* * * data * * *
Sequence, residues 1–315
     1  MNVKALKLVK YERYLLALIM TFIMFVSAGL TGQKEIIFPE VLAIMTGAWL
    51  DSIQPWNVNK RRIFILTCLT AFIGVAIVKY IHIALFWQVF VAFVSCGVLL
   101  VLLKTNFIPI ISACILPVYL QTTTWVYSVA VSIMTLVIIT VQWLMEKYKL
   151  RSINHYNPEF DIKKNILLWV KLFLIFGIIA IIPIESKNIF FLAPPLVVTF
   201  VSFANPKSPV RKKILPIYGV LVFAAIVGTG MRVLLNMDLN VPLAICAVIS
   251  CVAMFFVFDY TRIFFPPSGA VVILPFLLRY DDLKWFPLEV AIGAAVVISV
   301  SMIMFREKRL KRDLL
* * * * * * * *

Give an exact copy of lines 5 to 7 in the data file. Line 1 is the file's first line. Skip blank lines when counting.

   151  RSINHYNPEF DIKKNILLWV KLFLIFGIIA IIPIESKNIF FLAPPLVVTF
   201  VSFANPKSPV RKKILPIYGV LVFAAIVGTG MRVLLNMDLN VPLAICAVIS
   251  CVAMFFVFDY TRIFFPPSGA VVILPFLLRY DDLKWFPLEV AIGAAVVISV